A group of people with binoculars, cameras, and telescopes all look in the same direction. One person is wearing a bright orange ball cap.

 Pea Island is a world-renowned hotspot for birders. Over 370 species of birds have been recorded on the refuge, including annual concentrations of thousands of wintering ducks, swans, and geese. 

Birds of the Outer Banks Brochure

There are many popular areas for birding on the refuge. At Oregon Inlet, on the north end of the refuge, shorebirds and waterbirds concentrate in the inlet and the dune vegetation shelters warblers and sparrows. In fall and winter, thousands of waterfowl and shorebirds may be seen foraging in North Pond, viewed from the observation platform on the Salt Flats Wildlife Trail, the photo blind off of Highway 12, or the observation tower on the North Pond Wildlife Trail. Another observation platform south of the refuge visitor center on Highway 12 provides a vantage point on New Field and South Ponds, which can have thousands more ducks, swans, geese, herons, egrets, and shorebirds. Trails over the dunes at the Visitor Center and the New Field/South Pond platform provide access to the beach and ocean, home to many species of shorebirds and waterbirds. Raptors are regularly seen on the refuge, especially during fall migration, and include bald eagles and peregrine falcons. In addition to the spectacle of the sheer number of birds, rare species turn up regularly on the refuge, such as Eurasian wigeon, Ross’s goose, and snowy owl.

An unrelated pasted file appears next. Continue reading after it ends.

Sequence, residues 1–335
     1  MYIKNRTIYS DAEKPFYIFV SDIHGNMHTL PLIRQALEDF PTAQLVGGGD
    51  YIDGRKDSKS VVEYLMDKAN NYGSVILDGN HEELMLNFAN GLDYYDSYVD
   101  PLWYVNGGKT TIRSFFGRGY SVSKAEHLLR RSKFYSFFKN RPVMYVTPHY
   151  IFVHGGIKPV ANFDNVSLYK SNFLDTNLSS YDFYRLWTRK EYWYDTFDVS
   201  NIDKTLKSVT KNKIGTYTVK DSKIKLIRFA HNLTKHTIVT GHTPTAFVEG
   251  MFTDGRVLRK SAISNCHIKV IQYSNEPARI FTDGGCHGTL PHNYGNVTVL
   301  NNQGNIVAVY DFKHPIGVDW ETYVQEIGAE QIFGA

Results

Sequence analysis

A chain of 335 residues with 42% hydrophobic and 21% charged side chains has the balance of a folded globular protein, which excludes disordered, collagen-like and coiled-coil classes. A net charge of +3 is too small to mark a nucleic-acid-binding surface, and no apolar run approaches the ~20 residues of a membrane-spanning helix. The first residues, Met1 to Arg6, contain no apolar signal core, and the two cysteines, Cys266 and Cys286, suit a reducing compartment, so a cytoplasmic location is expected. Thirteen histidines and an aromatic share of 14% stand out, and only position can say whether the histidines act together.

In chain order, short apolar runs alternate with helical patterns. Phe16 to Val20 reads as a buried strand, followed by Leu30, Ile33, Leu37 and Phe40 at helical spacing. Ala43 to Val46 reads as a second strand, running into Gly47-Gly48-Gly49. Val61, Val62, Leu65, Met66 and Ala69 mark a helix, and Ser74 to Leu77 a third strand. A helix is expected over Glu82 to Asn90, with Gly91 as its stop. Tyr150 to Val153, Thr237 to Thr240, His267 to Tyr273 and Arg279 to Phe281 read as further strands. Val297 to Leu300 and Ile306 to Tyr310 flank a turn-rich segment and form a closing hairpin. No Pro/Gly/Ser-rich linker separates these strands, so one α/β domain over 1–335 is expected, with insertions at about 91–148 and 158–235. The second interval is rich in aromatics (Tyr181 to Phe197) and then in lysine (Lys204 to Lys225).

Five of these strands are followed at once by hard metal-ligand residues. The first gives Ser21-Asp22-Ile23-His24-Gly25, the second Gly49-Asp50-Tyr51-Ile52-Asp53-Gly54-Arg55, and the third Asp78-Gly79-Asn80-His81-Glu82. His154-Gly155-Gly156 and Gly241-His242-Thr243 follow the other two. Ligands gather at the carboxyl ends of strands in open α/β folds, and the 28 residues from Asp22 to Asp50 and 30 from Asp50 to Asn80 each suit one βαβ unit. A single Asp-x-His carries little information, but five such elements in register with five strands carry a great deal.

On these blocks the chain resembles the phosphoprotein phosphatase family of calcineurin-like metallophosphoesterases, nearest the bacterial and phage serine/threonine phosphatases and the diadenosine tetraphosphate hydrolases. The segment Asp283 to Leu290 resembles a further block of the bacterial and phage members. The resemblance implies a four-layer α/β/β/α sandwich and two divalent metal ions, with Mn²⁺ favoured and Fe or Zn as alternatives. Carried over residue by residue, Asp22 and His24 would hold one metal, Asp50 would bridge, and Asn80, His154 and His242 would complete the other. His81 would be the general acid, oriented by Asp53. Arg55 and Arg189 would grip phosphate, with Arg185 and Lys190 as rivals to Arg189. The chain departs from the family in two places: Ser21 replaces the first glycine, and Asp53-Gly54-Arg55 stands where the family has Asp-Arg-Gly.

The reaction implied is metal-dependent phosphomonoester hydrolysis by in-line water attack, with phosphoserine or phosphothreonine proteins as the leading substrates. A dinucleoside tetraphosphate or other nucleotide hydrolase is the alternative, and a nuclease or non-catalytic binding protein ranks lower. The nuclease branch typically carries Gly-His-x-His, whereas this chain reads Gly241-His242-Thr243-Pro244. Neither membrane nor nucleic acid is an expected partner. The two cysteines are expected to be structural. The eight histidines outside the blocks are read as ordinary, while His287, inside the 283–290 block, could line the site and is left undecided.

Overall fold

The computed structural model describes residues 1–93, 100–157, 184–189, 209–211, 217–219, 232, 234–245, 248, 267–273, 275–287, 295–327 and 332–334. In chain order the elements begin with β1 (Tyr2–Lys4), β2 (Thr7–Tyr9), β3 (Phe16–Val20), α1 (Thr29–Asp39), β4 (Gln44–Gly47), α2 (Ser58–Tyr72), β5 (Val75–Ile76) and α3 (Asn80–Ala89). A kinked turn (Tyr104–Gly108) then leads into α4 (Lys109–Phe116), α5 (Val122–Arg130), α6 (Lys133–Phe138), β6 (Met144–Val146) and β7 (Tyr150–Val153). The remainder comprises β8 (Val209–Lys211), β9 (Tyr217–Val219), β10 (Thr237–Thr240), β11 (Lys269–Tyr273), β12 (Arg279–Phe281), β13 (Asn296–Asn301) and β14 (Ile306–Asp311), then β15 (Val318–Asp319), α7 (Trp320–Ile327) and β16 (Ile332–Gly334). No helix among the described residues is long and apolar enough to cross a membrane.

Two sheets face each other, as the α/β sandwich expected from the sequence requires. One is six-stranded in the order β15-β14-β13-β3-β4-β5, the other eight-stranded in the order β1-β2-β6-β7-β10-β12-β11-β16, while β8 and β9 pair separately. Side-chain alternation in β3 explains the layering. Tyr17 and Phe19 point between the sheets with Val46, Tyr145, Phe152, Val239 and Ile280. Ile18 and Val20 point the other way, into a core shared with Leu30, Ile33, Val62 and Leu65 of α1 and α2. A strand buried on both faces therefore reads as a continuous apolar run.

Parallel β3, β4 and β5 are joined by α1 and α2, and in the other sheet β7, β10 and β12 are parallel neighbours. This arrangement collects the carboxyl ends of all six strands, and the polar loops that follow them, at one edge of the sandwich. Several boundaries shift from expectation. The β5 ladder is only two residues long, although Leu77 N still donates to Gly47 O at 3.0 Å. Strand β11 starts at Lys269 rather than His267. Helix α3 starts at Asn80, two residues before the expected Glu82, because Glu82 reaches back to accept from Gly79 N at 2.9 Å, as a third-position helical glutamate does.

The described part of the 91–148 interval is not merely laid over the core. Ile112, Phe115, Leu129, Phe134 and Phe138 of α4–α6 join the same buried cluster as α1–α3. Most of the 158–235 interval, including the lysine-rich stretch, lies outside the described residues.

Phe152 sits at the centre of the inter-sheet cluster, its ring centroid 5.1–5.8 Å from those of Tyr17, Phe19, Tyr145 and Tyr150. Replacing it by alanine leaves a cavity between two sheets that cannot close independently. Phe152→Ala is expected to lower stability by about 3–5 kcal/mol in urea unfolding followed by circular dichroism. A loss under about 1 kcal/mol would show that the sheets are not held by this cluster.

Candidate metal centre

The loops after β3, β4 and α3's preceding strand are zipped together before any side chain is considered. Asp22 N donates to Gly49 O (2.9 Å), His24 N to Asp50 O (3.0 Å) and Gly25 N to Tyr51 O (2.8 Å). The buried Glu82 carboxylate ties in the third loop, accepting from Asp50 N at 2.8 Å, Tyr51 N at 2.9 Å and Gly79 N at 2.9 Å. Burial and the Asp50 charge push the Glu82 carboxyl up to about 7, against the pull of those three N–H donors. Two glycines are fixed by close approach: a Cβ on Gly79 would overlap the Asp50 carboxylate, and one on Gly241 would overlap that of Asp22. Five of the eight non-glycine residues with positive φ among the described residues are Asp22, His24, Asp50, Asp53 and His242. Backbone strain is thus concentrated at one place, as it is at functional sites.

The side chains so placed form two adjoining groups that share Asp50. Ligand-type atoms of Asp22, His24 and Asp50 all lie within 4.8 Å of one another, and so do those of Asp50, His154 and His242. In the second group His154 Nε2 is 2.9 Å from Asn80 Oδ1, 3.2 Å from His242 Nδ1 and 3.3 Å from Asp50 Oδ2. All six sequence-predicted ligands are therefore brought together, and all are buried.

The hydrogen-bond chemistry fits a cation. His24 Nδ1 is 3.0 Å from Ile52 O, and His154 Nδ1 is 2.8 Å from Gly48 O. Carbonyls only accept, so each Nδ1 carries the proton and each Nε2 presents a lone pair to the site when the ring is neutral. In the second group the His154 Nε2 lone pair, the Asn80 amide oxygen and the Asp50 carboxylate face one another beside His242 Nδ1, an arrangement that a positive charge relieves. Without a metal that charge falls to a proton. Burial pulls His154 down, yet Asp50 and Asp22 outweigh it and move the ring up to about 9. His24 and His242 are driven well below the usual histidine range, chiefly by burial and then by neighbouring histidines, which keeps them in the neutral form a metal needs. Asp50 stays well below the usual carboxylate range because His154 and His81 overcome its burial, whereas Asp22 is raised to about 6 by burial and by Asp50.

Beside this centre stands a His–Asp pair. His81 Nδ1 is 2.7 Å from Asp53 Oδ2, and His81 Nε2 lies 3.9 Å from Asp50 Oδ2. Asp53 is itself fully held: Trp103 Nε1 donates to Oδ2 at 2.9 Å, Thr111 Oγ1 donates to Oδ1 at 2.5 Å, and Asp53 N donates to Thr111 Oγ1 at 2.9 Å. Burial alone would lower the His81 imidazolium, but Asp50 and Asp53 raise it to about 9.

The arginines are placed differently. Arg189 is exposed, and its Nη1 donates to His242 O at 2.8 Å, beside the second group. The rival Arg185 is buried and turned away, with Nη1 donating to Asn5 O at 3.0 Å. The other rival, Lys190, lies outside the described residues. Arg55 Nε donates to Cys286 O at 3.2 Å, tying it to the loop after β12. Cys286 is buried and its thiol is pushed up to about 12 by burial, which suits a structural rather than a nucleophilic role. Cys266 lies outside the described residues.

Birding is allowed in all areas open to the public. Obey all posted signs and do not enter any areas marked with 'Area Closed' signs. The refuge dikes around South Pond and New Field ponds are closed to all entry to prevent disturbance to the waterfowl. During summer, temporary closures are set up around seabird nesting colonies. Please give these birds space and stay away from nesting areas to minimize disturbance during this sensitive period of their life cycle.